This image was taken from the Christian Hall of Fame of Canton Baptist Temple website in an attempt to represent Spurgeon. This caption is a credit to where the image came from but does not necessarily endorse the site or its teaching as I haven’t studied their site much.

The final thing this talks about is something I’ve been pondering for a year now. How do I serve? In my wildest dreams (I do have them). I see myself building a school that runs from Pre-K to high school. I want to build a school where the graduates leave with a diploma and a scholarship for whatever occupational trade school or (state) college they prefer. Again, these are my wildest dreams. I dream of building churches based on Biblical expository teaching. I want to fully fund a missionary journey. I want to do all of these things, but I can’t have someone over for dinner and talk about scripture. Again, I pray for boldness. But in this case, I’m talking about serving the body. This part of the book was freeing in a way. One doesn’t need to head a ministry or be a deacon to serve. Instead, all one has to do is ask, “How can I help?” and mean it. All one needs to do is look for a person in need and help them. I think I’ve been so caught up in overt methods of service rather than just looking for ways to serve. This book speaks to that issue. I’m not saying I wanted to be a “shining star” in my church. I was just looking for, I guess the term would be, measurable ways to serve. Now, I feel a little easier just looking for ways to do so. I need that other COVID shot before I can do much of anything, but once I get vaccinated, I’m happy being that guy who just looks for a thing that needs doing.

Spurgeon is such a compelling, charismatic figure. Just reading his books makes me wish I could sit down and have a beverage with him. Reading his books gives me the same feeling as reading something from Lewis. So I’m looking forward to reading another book from him (which I’ve already downloaded).

Thanks for reading,

Matt

Book Review: How to Read the Bible by Charles Spurgeon

Book Review: How to Read the Bible by Charles Spurgeon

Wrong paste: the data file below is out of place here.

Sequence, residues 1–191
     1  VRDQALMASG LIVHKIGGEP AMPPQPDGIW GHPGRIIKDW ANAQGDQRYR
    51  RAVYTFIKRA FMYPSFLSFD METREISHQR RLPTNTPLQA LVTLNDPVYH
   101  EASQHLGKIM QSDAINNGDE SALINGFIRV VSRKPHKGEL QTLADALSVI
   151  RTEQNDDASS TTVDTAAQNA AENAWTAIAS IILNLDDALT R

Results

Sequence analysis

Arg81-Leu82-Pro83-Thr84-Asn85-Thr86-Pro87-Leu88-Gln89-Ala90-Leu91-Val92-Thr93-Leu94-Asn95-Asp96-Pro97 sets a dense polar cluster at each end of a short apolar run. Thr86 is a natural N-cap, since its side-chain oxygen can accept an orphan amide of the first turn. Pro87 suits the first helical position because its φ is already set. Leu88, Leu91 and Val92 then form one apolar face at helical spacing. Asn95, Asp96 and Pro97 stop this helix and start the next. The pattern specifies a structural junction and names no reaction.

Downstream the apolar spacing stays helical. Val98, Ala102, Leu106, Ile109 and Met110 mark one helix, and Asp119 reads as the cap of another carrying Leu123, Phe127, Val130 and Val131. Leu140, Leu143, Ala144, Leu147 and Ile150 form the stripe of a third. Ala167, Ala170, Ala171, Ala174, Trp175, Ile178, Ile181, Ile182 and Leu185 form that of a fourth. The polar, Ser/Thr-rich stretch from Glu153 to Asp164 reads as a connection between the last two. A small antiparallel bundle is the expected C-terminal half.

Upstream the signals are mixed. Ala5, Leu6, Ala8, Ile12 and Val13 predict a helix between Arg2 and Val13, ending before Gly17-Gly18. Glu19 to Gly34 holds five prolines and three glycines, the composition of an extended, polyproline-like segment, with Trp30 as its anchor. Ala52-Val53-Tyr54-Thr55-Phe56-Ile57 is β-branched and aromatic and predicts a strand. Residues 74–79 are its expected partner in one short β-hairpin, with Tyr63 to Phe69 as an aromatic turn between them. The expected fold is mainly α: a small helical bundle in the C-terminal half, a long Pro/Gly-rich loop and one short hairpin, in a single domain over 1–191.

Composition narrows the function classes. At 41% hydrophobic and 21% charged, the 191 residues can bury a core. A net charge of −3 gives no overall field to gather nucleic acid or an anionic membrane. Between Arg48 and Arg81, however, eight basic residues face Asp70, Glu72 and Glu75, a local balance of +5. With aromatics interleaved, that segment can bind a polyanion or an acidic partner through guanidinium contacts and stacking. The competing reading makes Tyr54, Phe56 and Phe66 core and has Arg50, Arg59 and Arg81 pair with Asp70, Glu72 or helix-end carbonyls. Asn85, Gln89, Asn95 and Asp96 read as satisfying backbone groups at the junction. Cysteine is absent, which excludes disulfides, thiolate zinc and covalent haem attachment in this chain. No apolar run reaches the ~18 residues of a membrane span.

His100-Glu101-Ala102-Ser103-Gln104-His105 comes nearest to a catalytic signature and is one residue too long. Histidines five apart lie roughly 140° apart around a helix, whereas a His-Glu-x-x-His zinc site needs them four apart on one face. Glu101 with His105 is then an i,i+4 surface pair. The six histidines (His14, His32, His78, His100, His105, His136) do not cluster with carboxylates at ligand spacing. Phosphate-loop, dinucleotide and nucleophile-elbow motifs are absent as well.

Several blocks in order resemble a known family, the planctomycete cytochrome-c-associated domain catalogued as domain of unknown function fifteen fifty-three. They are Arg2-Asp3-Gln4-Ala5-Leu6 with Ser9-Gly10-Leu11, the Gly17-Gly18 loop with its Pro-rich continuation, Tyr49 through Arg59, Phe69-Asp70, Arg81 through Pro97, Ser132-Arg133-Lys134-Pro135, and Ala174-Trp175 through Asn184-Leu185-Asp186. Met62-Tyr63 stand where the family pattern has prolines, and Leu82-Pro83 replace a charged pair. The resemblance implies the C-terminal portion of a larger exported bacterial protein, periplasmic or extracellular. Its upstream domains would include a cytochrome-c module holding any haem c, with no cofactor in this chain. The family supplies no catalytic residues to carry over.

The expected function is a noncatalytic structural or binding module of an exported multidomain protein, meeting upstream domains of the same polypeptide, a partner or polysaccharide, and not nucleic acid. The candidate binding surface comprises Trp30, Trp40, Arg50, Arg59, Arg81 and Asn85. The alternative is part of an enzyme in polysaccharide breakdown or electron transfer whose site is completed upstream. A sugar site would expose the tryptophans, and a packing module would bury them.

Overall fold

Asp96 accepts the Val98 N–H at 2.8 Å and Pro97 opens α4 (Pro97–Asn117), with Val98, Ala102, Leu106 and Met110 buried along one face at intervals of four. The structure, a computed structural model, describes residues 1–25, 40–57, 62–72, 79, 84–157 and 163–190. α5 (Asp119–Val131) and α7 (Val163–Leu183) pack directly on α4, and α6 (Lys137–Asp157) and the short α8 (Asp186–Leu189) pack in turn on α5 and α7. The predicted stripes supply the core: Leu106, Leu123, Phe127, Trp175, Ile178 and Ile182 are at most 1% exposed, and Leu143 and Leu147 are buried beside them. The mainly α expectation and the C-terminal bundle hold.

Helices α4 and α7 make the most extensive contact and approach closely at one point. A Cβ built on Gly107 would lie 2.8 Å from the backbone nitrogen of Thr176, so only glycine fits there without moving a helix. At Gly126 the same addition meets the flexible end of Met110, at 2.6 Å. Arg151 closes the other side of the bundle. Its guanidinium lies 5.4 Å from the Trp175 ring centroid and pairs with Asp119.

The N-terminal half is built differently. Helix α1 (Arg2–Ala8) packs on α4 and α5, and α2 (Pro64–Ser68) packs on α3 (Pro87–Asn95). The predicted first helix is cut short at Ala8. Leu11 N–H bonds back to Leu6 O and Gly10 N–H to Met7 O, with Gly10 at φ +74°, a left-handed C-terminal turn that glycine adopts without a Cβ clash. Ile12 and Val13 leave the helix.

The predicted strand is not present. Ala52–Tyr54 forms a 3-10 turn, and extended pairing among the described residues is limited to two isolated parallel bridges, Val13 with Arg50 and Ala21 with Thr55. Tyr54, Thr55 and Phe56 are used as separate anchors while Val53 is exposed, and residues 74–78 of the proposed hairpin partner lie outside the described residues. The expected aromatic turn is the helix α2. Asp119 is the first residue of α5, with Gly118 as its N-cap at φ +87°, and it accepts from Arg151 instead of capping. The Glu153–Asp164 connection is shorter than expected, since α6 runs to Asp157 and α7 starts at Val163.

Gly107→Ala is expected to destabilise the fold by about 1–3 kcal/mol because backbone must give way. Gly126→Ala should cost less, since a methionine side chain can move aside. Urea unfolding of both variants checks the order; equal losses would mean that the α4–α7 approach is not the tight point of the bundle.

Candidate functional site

The cover image for this title was taken from its Audible buy page for review purposes under Fair Use doctrine.

In this case, I need to provide some context. Spurgeon is an often quoted pastor in my church. I’d been meaning ot read some of his work, so I scanned Audible until I found something by him I was especially interested in. Then I got in the car the next day and hit play, only to find out it was a transcript of a 40-minute sermon.

I’m not in any way against sermons. I actually love them. The issue is I was looking for a deep-dive, Biblically driven book, and I inattentively found this instead. So I’d advise anyone considering works by Spurgeon to pay close attention to what they find just to be sure it’s what they’re looking for in the moment.

The other thing that saddened me a bit was where I wanted more of a how, Spurgeon invested most of his sermon to the question of, “What mindset should one have while reading.”

This image was taken from the Christian Hall of Fame of Canton Baptist Temple website in an attempt to represent Spurgeon. This caption is a credit to where the image came from but does not necessarily endorse the site or its teaching as I haven’t studied their site much.

That’s a very important question to address. While I believe that even scanning the words of the page the way one reads a newspaper is of value, if one wishes to study the Bible, that individual must come to it with a desire to be taught, rebuked, corrected, and trained in righteousness (2 Timothy 3:16).

This sermon is a powerful motivating tool for those who either may need some guidance as to the mindset one should have while reading the Bible and the value that mindset gives a reader. I think I (vaguely) remember one tidbit, but I struggle to recall it specifically because it was already on my list of things to try.

I’ve since picked up another (actual) book by Spurgeon to study his perspective more deeply, and I’m enjoying it thus far.

What I did appreciate was the chance to listen to a sermon and hear a perspective from a man my church (as well as others) deeply respects (an inference I make by how often he’s quoted in my own pastor’s sermons). As nice as that was, I’m much more excited to dig a little more deeply into his theology and teaching than a single sermon can possibly account for.

Thanks for reading,

Matt